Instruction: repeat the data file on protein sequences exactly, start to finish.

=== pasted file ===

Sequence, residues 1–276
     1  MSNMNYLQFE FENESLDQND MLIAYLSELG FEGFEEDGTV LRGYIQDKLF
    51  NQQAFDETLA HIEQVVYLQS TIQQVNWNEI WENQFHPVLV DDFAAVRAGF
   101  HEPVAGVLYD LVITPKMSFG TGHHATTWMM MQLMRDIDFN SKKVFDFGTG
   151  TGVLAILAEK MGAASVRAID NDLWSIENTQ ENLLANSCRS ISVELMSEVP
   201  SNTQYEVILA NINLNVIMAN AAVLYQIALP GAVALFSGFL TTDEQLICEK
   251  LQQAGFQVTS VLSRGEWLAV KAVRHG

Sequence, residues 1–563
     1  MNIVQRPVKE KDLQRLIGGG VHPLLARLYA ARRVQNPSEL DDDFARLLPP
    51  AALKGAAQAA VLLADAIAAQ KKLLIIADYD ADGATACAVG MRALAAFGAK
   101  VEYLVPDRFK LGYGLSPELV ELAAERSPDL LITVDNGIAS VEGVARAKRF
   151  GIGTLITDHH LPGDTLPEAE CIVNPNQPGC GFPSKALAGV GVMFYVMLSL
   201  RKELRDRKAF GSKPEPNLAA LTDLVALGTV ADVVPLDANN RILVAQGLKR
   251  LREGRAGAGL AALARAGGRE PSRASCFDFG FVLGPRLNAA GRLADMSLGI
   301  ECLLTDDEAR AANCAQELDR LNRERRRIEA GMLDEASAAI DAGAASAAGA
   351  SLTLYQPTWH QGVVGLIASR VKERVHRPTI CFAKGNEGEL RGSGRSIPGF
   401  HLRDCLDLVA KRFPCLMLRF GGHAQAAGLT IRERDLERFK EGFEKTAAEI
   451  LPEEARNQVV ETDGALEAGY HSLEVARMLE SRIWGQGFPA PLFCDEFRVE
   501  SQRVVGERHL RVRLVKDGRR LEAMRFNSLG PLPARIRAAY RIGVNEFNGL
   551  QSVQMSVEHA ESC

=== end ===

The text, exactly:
Sequence, residues 1–276
     1  MSNMNYLQFE FENESLDQND MLIAYLSELG FEGFEEDGTV LRGYIQDKLF
    51  NQQAFDETLA HIEQVVYLQS TIQQVNWNEI WENQFHPVLV DDFAAVRAGF
   101  HEPVAGVLYD LVITPKMSFG TGHHATTWMM MQLMRDIDFN SKKVFDFGTG
   151  TGVLAILAEK MGAASVRAID NDLWSIENTQ ENLLANSCRS ISVELMSEVP
   201  SNTQYEVILA NINLNVIMAN AAVLYQIALP GAVALFSGFL TTDEQLICEK
   251  LQQAGFQVTS VLSRGEWLAV KAVRHG

Sequence, residues 1–563
     1  MNIVQRPVKE KDLQRLIGGG VHPLLARLYA ARRVQNPSEL DDDFARLLPP
    51  AALKGAAQAA VLLADAIAAQ KKLLIIADYD ADGATACAVG MRALAAFGAK
   101  VEYLVPDRFK LGYGLSPELV ELAAERSPDL LITVDNGIAS VEGVARAKRF
   151  GIGTLITDHH LPGDTLPEAE CIVNPNQPGC GFPSKALAGV GVMFYVMLSL
   201  RKELRDRKAF GSKPEPNLAA LTDLVALGTV ADVVPLDANN RILVAQGLKR
   251  LREGRAGAGL AALARAGGRE PSRASCFDFG FVLGPRLNAA GRLADMSLGI
   301  ECLLTDDEAR AANCAQELDR LNRERRRIEA GMLDEASAAI DAGAASAAGA
   351  SLTLYQPTWH QGVVGLIASR VKERVHRPTI CFAKGNEGEL RGSGRSIPGF
   401  HLRDCLDLVA KRFPCLMLRF GGHAQAAGLT IRERDLERFK EGFEKTAAEI
   451  LPEEARNQVV ETDGALEAGY HSLEVARMLE SRIWGQGFPA PLFCDEFRVE
   501  SQRVVGERHL RVRLVKDGRR LEAMRFNSLG PLPARIRAAY RIGVNEFNGL
   551  QSVQMSVEHA ESC